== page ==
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It's here, at last. We've been trying out one of the first samples of the eagerly awaited VPE-808, Samsung's latest 8mm budget compact



We had almost given up hope on the Samsung VPE-808, following several months of delay it has finally arrived. We've managed to get our hands on one of the very first samples, and yes, it has been worth the wait. The 808 is a very close relative of the VPE-807, which we tested back in April. This latest Korean designed and built machine is another clear warning to the Japanese that they had better watch out as their neighbours are catching up fast.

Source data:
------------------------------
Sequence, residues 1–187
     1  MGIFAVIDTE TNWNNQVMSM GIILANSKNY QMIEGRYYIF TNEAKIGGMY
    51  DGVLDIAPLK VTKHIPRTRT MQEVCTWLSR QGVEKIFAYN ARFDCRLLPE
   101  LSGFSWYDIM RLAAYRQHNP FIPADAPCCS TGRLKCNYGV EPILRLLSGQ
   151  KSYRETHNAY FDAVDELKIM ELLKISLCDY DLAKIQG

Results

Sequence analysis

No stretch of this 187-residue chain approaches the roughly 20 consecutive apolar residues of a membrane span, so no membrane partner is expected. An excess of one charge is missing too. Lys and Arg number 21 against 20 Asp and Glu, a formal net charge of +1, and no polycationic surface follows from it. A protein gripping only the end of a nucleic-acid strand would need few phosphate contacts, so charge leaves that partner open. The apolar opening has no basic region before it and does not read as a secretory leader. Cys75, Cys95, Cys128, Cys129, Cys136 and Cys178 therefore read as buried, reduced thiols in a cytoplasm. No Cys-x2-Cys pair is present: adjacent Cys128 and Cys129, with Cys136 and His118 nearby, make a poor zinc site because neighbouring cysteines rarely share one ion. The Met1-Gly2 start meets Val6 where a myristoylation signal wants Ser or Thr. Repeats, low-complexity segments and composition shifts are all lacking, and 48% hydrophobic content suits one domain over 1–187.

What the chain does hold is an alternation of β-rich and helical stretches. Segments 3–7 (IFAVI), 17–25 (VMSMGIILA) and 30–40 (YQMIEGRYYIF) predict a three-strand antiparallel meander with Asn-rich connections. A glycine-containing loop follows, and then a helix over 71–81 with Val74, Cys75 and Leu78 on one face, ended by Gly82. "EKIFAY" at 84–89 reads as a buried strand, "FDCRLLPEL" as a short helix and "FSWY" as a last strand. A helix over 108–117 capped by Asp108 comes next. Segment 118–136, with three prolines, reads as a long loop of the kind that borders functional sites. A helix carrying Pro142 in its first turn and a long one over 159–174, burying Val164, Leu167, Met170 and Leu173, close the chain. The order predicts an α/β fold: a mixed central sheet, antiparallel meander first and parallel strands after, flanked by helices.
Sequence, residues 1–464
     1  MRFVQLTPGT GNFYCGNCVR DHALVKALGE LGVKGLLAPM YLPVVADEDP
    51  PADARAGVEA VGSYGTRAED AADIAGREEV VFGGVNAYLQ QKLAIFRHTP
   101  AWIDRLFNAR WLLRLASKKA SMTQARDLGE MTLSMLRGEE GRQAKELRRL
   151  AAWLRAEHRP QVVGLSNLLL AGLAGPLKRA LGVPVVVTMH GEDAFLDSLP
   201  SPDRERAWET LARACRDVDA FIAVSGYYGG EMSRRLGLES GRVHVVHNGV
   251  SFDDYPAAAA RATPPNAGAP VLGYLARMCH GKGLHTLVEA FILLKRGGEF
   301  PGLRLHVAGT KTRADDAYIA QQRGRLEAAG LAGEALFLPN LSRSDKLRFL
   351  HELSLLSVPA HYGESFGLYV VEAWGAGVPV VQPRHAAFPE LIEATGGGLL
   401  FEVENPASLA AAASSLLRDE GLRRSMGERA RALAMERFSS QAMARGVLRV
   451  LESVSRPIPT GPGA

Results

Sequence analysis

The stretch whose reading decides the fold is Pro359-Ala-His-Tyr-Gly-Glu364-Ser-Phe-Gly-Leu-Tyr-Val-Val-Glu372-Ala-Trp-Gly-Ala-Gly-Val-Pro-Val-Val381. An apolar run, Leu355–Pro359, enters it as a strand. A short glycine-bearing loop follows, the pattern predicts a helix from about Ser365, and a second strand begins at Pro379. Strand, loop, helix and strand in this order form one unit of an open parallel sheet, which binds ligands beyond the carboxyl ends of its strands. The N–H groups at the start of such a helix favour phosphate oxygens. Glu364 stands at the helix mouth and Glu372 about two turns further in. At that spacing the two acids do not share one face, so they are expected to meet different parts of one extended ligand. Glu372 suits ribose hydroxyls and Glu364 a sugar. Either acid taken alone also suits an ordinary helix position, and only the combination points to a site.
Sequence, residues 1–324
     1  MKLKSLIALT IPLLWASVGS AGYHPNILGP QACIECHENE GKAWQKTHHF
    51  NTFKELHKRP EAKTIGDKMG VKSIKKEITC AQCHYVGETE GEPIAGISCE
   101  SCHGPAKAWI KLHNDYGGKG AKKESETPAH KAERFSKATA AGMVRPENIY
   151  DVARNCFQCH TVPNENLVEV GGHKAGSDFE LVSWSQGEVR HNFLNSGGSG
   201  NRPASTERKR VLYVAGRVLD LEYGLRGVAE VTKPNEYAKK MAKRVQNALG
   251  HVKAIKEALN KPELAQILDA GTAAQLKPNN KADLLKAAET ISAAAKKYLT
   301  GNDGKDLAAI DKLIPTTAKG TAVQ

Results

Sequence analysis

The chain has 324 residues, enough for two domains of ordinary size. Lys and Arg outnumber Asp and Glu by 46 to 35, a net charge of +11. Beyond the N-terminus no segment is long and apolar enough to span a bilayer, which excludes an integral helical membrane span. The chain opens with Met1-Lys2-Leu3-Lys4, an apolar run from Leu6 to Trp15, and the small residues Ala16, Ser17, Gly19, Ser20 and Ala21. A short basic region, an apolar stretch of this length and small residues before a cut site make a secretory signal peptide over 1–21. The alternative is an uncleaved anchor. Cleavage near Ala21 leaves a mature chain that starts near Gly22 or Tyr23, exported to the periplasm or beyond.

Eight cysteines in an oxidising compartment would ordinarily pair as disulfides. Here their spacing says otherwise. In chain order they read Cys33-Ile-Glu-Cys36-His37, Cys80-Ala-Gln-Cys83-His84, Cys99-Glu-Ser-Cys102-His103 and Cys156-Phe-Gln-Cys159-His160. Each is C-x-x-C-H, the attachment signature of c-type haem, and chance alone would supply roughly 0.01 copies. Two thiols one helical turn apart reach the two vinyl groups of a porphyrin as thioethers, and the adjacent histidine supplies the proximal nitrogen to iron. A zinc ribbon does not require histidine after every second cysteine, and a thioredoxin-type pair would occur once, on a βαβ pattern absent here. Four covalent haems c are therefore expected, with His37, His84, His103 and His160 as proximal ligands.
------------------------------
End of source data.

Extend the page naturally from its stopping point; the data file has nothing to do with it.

Although a budget machine the 808 has many of the features we associate with a well-equipped middle-market compact camcorder, they include an inner-focus lens with 8x zoom, digital autofocus, automated camera controls with manual overrides for backlight compensation and high-speed shutter; it has a fader, title generator, self and interval timers, plus full infra-red remote control. Above all it looks and feels like a camcorder of the 90's, we're sure Samsung won't mind us saying that some of their earlier machines looked clumsy and dated by comparison with contemporary Japanese designs... The chief differences between the 808 and 807 are a clip-on video light, sportsfinder eyepiece, credit-card sized remote control and revised cosmetics. The most important feature, though, is the price, which is £550, that's the same as the launch price of the 807, which has now been reduced to £530. In today's economic climate, with reverberations of the pound's devaluation still echoing around the industry, that has to be very good value for money.